French President Francois Mitterrand
From Top Online Colleges
Shipwrecks aren't really considered a modern problem. Air transportation, which is obviously much more efficient, supplanted ocean liners decades ago, causing the romanticism that came with setting out on long overseas journeys to fade.
Even still, ships remain a large part of worldwide commerce and transportation, the latter of which is more common in poor countries, where unfortunate accidents are more frequent.
The following shipwrecks range from small-scale tragedies to unforgettable catastrophes, capturing headlines worldwide when they occurred.
1 - USCGC White Alder (1968):
Longtime residents of New Orleans still discuss the plight of the White Alder, a former Navy YF-257-class lighter assigned to tend river aids-to-navigation and various other Coast Guard duties.
The ship met its demise in the early evening of December, when it collided with a 455-foot Taiwanese freighter in the Mississippi River near White Castle, Louisiana, killing 17 of the 20 crew members. Just three of the dead were recovered due to the thick river sediment that quickly buried the cutter. More than 40 years later, 14 crewmen remain at the bottom of the Mississippi.
2 - SS Edmund Fitzgerald (1977):
Perhaps America's most famous modern shipwreck, the Edmund Fitzgerald is still a fresh wound for the families of the 29 crew members who perished that night. When it was launched, it was the biggest ship on the Great Lakes, and its large hauls made it extremely valuable during its 17-year run.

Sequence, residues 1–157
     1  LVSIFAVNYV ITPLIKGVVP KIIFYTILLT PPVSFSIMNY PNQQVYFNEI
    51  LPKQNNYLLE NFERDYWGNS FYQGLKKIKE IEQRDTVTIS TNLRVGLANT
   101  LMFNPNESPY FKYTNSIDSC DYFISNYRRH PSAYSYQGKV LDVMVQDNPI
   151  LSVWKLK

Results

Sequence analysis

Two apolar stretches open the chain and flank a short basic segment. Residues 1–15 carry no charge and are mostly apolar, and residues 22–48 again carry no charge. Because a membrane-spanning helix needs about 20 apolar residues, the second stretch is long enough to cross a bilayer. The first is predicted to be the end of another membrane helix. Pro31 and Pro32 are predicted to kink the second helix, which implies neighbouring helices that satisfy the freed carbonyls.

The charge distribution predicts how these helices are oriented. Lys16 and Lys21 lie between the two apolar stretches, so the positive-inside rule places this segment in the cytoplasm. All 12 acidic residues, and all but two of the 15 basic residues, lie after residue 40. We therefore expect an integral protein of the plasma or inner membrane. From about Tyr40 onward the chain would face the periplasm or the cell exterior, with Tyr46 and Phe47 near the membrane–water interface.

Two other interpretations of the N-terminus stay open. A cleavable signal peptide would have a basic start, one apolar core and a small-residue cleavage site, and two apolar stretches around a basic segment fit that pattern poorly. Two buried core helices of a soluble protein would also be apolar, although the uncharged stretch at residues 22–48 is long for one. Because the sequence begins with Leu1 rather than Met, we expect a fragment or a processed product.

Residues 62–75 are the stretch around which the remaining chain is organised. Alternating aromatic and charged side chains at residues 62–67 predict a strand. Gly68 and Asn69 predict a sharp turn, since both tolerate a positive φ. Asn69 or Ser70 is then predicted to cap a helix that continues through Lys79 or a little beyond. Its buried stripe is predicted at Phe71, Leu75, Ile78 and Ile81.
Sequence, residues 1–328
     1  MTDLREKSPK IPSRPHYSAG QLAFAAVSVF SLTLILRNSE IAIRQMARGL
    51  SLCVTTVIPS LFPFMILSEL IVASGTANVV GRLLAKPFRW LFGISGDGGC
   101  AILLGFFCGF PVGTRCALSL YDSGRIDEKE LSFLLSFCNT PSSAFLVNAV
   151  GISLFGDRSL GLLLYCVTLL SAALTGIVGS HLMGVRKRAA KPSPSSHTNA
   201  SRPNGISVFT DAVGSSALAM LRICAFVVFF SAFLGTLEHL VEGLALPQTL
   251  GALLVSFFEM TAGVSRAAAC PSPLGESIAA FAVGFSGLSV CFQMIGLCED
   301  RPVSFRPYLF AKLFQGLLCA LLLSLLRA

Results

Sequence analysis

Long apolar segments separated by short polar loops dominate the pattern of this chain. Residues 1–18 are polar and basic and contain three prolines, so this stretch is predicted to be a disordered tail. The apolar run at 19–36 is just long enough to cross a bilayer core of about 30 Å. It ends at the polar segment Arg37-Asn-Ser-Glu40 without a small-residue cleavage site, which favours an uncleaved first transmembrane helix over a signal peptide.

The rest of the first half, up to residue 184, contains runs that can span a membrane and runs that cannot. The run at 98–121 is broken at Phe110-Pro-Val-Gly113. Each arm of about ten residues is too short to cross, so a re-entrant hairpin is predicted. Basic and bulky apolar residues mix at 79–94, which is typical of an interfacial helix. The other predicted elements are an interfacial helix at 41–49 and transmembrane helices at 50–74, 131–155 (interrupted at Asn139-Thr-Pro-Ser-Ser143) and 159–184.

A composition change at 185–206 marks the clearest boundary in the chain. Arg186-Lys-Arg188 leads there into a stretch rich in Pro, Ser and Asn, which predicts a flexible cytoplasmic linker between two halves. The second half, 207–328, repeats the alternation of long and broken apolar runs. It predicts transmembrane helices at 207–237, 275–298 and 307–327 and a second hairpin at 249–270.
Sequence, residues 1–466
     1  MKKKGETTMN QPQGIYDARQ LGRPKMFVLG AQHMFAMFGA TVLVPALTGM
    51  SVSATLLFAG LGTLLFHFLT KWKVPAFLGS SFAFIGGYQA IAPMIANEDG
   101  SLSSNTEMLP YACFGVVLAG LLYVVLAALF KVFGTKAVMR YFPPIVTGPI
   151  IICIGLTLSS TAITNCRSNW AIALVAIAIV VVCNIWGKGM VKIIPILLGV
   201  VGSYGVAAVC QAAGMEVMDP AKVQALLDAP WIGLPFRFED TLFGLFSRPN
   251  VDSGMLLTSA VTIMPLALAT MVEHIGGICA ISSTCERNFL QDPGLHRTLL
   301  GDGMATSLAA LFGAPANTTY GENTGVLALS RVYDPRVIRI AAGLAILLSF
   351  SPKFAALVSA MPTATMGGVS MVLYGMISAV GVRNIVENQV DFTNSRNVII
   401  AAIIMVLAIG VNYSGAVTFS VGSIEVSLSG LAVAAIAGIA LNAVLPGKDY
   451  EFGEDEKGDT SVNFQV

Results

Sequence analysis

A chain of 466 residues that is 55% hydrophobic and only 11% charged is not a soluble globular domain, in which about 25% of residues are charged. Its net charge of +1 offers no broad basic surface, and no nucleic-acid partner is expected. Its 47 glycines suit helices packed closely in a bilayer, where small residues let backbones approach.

En route to a steel mill near Detroit from Superior, Wisconsin, the freighter encountered a winter storm with hurricane-force winds that created 35-foot waves. With a bad list, broken radars and water engulfing the deck, it sank 17 miles from Whitefish Bay. No distress signals were sent out, and Captain Ernest McSorley, who planned to retire at the end of shipping season, last reported "We are holding our own."
3) Rainbow Warrior (1985):
A former UK Ministry of Agriculture, Fisheries and Food trawler, the Rainbow Warrior was operated by Greenpeace to curtail whaling, seal hunting and nuclear testing, most notably evacuating 300 Marshall Islanders from Rongelap Atoll, a former US nuclear testing area. Docked in a harbor in New Zealand, it suffered two large, crippling explosions that sent it under water — photographer Fernando Pereira was killed when he returned to the ship to collect his equipment as the second explosion occurred.
Two French secret service agents were arrested, and the nation denied involvement until a British newspaper revealed French President Francois Mitterrand authorized the plan. The scandal resulted in several high-profile resignations in the French government.